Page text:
Juxtaposed in the background of this sober memorial, a 10-yr-old concrete aqueduct built by locals rises on posts as it crosses the entrance to the stairs climbing to Coffin Cave. Before the ascent, go to the Visitor Centre and contemplate the display of photographs and history behind the bombings. You’ll read about the single shell that hit the core of Tham Piu Cave, and claimed a reported 374 lives of locals seeking shelter from the daily bombings. Pictures of victims horrify all those who see them, while the snapshot of Officer Thidbounkon, who allegedly downed an F4 fighter jet with three rifle shots, brings a grin.

Duly informed, start your climb to the cave on the upper staircase, which passes a golden Buddha, grave markers, and bomb craters set in an eerie park-like scene. Practical yet peculiar, a series of narrow concrete channels crisscross the walkway, as they feed mountain water to diversion dams rerouting the flow to irrigate nearby village fields.

Tham Piu presents a sad hole in the hillside, with a rocky rubble floor as the only reminder that an explosion shattered the cave. Inside, locals light incense to pay tribute to those who died.

Back outside, the stairs head downhill to a stream you can cross on a short but challenging bamboo bridge, or play it safe and simply wade through the creek, where refreshment stands and small restaurants offer a respite for reflection.  

Location: Take Lao Route 5 north from Kham Town for 3 km to Ban Bouam, turn left (west), and follow the road to the end and the Tham Piu parking lot.

Tham Xang “Hospital” Cave: According to locals, during the Indochina War, no villages existed where Ban Ta now stands. Only Xang Tham Cave in a cone-shaped peak and a great view of the karst landscape and valleys occupied this patch of Xieng Khouang. When the war hit, Pathet Lao soldiers capitalized on the cave complex, changing its rocky chambers into a hospital, pharmaceutical warehouse, and arms depot.

Today, terraced rice fields and forested mountaintops captivate visitors as they stand atop the stairs leading 400 metres down to the cave entrance, which is maintained by the Hmong villagers in Ban Ta. You can still envision the well-lit cavern’s war-time setup, though it competes with the natural rock formations for attention.    

Location: From Kham Town, travel 15 km west on Lao Route 7 to Ban Ta, turn right at the sign for the cave near the market, and follow the road for about 5 km to the parking area and stairs. Ban Ta is 35 km north of Phonsavanh.

Western Secrets

Songhak’s Sacred Jars: Treat yourself to a 42-km drive northwest of Phonsavanh to Ban Songhak Village on the Nam Ngum River, and a recently opened jar site surrounded by the remnants of war. After crossing the river, stop at the Jar Site 25 information kiosk to get your bearings, before strolling to the jars and the Pathet Lao trenches near the main jar group.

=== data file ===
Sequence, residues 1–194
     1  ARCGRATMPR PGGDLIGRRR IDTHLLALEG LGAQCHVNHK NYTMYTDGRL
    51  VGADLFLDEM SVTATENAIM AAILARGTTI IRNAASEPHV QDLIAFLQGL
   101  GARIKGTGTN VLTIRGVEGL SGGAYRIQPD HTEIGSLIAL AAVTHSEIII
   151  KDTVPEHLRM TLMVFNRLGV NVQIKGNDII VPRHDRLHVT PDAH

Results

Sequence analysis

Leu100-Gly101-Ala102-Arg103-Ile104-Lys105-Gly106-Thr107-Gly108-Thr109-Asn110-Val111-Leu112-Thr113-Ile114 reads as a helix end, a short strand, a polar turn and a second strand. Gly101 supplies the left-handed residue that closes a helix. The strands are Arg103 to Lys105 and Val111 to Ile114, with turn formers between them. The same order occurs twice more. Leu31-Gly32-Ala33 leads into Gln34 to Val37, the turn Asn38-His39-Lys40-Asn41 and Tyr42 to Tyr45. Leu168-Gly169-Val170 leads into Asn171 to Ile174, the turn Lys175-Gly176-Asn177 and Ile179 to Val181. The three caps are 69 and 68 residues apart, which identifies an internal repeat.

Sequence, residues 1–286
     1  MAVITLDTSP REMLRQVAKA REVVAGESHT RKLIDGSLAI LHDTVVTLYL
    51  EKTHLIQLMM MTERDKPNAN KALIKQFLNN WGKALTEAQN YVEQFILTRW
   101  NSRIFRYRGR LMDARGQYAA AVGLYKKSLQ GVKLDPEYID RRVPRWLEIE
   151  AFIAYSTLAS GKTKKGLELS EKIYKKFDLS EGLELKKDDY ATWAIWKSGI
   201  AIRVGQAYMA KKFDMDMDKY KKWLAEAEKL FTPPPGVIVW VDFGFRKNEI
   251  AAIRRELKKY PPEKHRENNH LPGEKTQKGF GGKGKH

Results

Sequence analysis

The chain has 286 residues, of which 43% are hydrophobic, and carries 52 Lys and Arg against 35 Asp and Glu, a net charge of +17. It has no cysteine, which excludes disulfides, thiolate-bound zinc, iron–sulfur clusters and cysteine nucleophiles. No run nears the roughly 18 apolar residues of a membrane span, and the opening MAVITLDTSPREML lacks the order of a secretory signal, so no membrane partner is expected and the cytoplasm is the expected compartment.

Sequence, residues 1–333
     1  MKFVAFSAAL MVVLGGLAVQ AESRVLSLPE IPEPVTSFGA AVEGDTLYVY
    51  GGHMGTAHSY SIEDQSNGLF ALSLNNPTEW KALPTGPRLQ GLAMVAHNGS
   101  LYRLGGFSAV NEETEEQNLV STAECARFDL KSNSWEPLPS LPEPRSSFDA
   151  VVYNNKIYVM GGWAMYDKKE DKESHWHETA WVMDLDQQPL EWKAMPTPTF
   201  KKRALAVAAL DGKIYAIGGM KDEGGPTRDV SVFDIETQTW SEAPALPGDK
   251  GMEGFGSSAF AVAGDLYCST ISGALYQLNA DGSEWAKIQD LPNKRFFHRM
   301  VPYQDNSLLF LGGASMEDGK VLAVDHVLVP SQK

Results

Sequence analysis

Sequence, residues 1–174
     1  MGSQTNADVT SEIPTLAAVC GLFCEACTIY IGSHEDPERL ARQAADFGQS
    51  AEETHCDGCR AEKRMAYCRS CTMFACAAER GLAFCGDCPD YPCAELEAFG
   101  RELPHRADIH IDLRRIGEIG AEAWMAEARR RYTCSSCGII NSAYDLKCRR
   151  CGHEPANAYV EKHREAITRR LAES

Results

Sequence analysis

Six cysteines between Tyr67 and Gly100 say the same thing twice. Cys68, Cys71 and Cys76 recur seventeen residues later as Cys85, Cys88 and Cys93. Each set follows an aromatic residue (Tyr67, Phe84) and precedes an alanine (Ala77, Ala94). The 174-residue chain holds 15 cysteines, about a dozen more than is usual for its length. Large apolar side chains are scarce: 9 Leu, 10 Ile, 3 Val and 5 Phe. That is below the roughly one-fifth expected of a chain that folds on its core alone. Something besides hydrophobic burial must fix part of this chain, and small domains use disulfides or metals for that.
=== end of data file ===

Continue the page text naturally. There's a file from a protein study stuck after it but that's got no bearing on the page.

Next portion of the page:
Locals believe that water collected in one of the jars can help heal sick children. According to legend, a monk moved the jar from its original resting place to the village temple to store rain water, but those who drank from the urn started getting ill. The monk returned the jar to the forest, and the epidemic ended, but villagers now use its waters to bathe ailing kids.  

After inspecting the jars, walk or drive to Ban Songhak for a cool refreshment, and then move on down the road past more jars and war relics to the hill on the other side of the village, where you’ll find an ancient stupa, of which little is known. 

Location: From Phonsavanh, travel west on Route 7 for about 23 km to Phou Koud Town. Turn right at the main intersection and travel north for about 12 km, where a sign points left to Ban Songhak and the jar site.  

Phu Kheng Jar Quarry & Secret Tunnel: Scale more than 1,000 steps up the Phu Kheng Jar Quarry Site to the hidden mountain passageway drilled through its rocky summit that played a strategic role for Lao revolutionary forces during the Indochina War. The hardy climb begins after about a 30-minute drive from Phonsavanh, and passes a scattering of unfinished, flawed, and broken jars once destined for Jar Site 1. Alongside this prehistoric workshop, craters from the 1964-1973 American bombing campaign pock the forested terrain, though singing birds have replaced explosive blasts.

The stairs get steeper towards the end of the 1,200-meter ascent, but there are plenty of places to take a break and enjoy the view of the Paxay Plain and tiered rice paddies walking up the foothills. The climb ends at a fork in the trail, and a left turn takes you an easy 200 metres to the “Secret Tunnel”. You can enter the concrete bunker, built into the mountain, from both sides, and step down to the start of the concealed cave. 

The narrow 70-metre channel, chiselled through rock, with a ceiling around 1.6-meters high, winds past a few reinforced concrete ammo depots and sleeping quarters before exiting to a panorama of the mountains around Phou Koud District.

A visitor information centre and restaurant sit at the base of the mountain, and a row of refreshment stands serves soft drinks, beer, and snacks.

Location: From Phonsavanh, travel west on Route 7 for about 13 km and turn left at the sign to the Phu Kheng Jar Quarry Site. From here, a compact dirt road winds 7 km to the site entrance, crossing a steel truss bridge next to a broken wooden one on the way.  

Phakeo Jar Site: Uncover a rarely seen Jar Site on the 2-day Ban Phakeo trek. The adventure is centred at the Hmong village of Ban Phakeo, and reaches the concealed jar site, waterfall, and architecture employing war scrap. The trek, led by a local guide, starts at a local market to purchase food and supplies, and then embarks on an easy-to-moderate five-hour hike along an age-old trail and across several streams to the Ban Phakeo Jar Site. Here, four groups of some 400 jars, some sprouting orchids, will greet you in a forest thick with undergrowth, adding to the ancient atmosphere. Rare jar lids – stone discs with animal carvings – also dot the site.